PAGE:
Axel Barrett PLA Video

Advantages and Disadvantages of PLA

Here's a short video on the advantages and disadvantages of PLA Polylactic Acid made by Axel Barrett, Chief Editor of Bioplastics News.

The purpose of this video is to give some insights on the perception, advantages and disadvantages of PLA or Polylactic Acid.

Watch the video…

PLA or Polylactic Acid

PLA was discovered in 1932. It’s a compostable and bio based polyester.

The first applications of PLA were in the biomedical  sector. PLA has an ability to be absorbed biologically. It takes between 6 months to 2 years to break down inside body. Development in production methods and capacity made PLA cheaper &  enabled wider applications such as packaging material.

The world production of PLA is around 240 K tonnes / year. NatureWorks (ingeo) is a joint-venture  between Cargill &  PTT and produces around 135 K tonnes / Year. Total-corbion (luminy) is a joint venture between Total & Corbion and produces around 75.000 K Tonnes per year.


PLA is a thermoplastic; it will become liquid at melting point of 150 to 160 Celsius. 

PLA can be processed via extrusion, injection molding, casting, blown film, thermoforming, and fiber spinning.

PLA is made by the polymerisation of lactic acid or lactide. 

Lactic acid is produced through bacterial fermentation of a carbohydrate /sugars coming from plants such as corn, sugar cane, sugar beet, cassava

When the plants are grown specifically for the production of PLA, we’ll refer to it as 1st generation PLA. 

When we use residue, waste and by-products such as stems, straw, husks, and leaves as long as they contain carbohydrate, we’ll refer to it as 2nd generation PLA. 

First generation PLA is more more efficient in terms of production but less ethically correct than the second generation..



  • PLA is made from renewable raw materials.
  • It has a reduced carbon footprint compared to fossil based plastics. two reasons:
    • crops absorb co2 when growing;
    • It takes less energy and this produces less greenhouse gas to produce PLA than fossil-based plastic
  • PLA is made in the USA (NatureWorks Ingeo)


  • PLA melts more easily because it has a lower melting point than many fossil-based plastics. It’s easy to work with PLA and it requires less energy to transform.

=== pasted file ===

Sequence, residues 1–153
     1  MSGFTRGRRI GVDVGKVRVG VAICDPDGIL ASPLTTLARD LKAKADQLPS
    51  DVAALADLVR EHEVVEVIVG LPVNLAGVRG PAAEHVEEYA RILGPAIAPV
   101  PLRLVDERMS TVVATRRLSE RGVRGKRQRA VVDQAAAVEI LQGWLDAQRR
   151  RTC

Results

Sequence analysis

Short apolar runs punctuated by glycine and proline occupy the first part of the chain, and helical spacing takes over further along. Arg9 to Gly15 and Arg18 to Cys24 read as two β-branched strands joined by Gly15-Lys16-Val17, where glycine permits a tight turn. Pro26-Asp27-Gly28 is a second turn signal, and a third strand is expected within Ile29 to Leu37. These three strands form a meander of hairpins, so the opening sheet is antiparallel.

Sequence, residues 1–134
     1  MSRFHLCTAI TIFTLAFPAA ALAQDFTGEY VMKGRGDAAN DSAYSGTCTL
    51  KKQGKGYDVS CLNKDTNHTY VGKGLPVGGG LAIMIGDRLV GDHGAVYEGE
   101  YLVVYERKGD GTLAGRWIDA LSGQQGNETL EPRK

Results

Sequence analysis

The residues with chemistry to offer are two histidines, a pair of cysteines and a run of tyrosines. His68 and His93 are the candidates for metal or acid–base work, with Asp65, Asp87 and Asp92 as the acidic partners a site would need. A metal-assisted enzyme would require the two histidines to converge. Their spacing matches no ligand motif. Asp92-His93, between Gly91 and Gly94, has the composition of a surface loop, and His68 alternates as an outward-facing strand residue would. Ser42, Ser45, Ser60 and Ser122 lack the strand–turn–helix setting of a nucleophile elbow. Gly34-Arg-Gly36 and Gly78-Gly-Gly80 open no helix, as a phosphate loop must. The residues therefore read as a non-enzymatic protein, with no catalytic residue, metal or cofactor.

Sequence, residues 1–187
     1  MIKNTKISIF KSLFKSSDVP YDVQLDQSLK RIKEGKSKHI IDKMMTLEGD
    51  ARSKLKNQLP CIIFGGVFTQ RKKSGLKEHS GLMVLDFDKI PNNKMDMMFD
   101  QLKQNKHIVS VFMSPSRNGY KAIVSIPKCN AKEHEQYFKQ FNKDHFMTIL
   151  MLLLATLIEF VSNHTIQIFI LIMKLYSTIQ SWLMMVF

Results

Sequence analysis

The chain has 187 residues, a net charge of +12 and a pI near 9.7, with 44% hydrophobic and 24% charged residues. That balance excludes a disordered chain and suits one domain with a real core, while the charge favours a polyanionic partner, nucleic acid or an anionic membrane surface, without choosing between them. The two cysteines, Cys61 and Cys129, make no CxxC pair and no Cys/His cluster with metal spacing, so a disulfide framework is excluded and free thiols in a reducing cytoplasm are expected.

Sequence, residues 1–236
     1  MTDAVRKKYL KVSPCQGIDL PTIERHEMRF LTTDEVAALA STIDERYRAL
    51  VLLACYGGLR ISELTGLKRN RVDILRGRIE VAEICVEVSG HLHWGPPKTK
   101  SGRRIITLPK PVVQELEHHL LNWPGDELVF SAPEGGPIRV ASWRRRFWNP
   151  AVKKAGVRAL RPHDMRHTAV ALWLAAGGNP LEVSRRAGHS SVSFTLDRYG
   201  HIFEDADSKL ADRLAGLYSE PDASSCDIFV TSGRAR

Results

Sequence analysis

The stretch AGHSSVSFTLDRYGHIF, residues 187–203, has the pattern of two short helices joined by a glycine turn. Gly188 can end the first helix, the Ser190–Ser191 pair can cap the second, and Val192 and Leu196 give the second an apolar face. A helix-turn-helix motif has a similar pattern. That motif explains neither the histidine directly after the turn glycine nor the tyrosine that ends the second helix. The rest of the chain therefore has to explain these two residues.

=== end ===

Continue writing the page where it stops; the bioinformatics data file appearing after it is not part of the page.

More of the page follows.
• One of the two most used plastics in 3D printing (45% market share). It has a low melting point, inexpensive, easy-to print, no fumes. It’s the best option in case of 3D printing.


  • PLA is compostable
  • When PLA is Incinerated, it emits less toxic fumes than oil based plastics
  • Food Contamination of food packaging is not a problem, unlike with plastic recycling.
  • In case of biomedical use, PLA degrades into non-toxic acid.



  • Price – PLA is more expensive than fossil based plastics
  • 1st generation uses food crops
  • When using crops to produce plastics; one should beware of Intensive agricultural practices, over using fertilisers and GMO, mono cultures and the destruction of natural habitats.

End of Life

  • Compostable
    • It doesn’t compost fast enough for industrial composters.
    • The residue is not compost. it doesn’t improve the quality of soil. No nutrient. 
    • It changes the PH value of the soil. It makes it more acidic.
  • Recyclable – PLA has a lower melting point and cannot be recycled with other plastics. There’s not enough PLA and it’s too dispersed to make recycling economically viable.


  • Low melting point makes PLA unsuitable for high temperature applications. PLA may even show signs of getting soft or deforming on a hot summer day.
  • PLA has a higher permeability than other plastics. Moisture and oxygen will go through it more easily than other plastics. This will result in faster food spoilage. PLA is not recommended for long-term food storage applications.
  • PLA is not the hardest or toughest plastic. PLA is not suitable for applications where toughness and impact resistance are critical.

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Chemical Recycling

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Circular Plastic


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